He clicked through more photos and found one of the contents
of that drawer. The keys were still there.
“What are the musicians saying?”
“They all say either you or Cat were at your desk when they
checked in. None of them saw Brenna.”
“Brenna wasn’t on the schedule tonight. Cat relieved me. She
was here when I left.”
“I just talked to her. Cat says Brenna showed up and wanted to
relieve her. Cat was glad to have the night off.”
“That doesn’t make sense. Brenna’s an unpaid intern. Why
would she want to work extra hours?”
“Cat said Brenna thought it was a quiet place to study.”
“It’s not, though. People come and go, talking loud. The phone
rings constantly. People hang out in the kitchen and lounge.” Of course, Gibson knew that as well as she did. He worked on the side as a studio musician. He’d done dozens of sessions at Colgate.
“George is here. I’m about to talk to him. We’ll see if he can shed
George Colgate had opened Colgate Sound Studios ten years ago and built a reputation for keeping the latest and most state-of-the-art equipment in every booth. Major labels rented time for their artists to record here, and Colgate had a staff of house engineers who were the best in the business. Parker had come to work here as a way to network, pay her bills, and get coveted studio time to eecord her own songs for free.
She’d never counted on bullets flying toward her desk. She
wiped her face and realized her hands were cold.
“Nothing’s been stolen or vandalized, according to George,” Gibson said. “But he’s pretty shaken up. The control boards and all the equipment are intact, as far as I can see.” Cold wind whipped across the parking lot, slapping her hair into her face.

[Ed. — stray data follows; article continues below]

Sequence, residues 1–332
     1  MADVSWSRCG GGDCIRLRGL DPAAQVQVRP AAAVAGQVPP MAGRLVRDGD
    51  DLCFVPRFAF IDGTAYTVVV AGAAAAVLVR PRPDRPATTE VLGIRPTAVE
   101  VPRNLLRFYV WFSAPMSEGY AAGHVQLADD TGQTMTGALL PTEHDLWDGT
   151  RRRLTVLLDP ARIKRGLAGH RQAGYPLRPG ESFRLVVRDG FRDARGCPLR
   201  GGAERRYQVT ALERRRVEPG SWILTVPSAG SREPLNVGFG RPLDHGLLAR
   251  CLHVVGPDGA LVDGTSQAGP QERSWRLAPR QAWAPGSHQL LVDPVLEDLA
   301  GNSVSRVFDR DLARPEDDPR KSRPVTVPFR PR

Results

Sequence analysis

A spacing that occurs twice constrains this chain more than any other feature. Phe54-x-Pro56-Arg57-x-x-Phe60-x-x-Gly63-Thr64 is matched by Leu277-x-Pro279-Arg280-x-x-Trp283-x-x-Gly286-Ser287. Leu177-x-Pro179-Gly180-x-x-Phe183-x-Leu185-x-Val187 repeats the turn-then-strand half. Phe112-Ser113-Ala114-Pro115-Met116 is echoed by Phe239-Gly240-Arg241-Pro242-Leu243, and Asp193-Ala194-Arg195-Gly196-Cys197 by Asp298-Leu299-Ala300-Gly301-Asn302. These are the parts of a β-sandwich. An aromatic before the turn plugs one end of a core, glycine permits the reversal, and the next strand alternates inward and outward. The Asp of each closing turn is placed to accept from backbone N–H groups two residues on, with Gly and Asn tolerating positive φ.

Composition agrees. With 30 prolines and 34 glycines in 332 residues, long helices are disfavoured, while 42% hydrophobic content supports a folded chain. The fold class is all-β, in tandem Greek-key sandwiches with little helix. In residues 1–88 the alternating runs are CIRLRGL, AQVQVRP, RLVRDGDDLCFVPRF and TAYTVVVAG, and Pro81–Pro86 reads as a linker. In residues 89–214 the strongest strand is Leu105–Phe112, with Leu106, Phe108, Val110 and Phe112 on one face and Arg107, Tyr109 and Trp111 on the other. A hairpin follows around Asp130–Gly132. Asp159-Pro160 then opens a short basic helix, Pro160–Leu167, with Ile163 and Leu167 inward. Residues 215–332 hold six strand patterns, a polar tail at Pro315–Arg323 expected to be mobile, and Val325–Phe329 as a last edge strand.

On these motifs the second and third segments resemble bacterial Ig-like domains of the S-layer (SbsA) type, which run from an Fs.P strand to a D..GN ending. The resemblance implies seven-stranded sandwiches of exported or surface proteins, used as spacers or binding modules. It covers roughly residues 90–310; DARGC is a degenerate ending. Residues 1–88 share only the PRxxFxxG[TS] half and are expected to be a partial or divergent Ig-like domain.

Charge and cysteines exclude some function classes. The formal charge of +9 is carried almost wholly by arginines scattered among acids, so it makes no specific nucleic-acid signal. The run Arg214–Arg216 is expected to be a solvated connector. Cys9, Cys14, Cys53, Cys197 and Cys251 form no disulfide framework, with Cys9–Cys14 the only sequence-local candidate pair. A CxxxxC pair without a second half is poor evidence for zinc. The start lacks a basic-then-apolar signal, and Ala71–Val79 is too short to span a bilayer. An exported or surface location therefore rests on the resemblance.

Her gaze drifted back to that bullet-pierced window, where camera lights flashed as the crime-scene investigators recorded the scene in all its cruel detail. She should have been here. If she had, that girl who had no stake in this company — wouldn’t have been killed. But then Parker herself would have been sitting there . . .
Parker glanced back at the crowd just outside the crime-scene
tape. WSMV had a camera crew here, and their lead reporter was
lit up like a hologram in the dark night.
There were people to be notified. Brenna’s parents, her roommate, her boyfriend . . . It was wrong to just leave her on the floor like that while the media vultures circled around the crime tape, the window lit up. “Why can’t you close the shades? Everyone’s looking.”
“They can’t see her on the floor,” Gibson said. “And we can’t close them, because there might be evidence on the windows or the shades, just like they are.”
Of course. She’d helped Gibson study for his homicide detective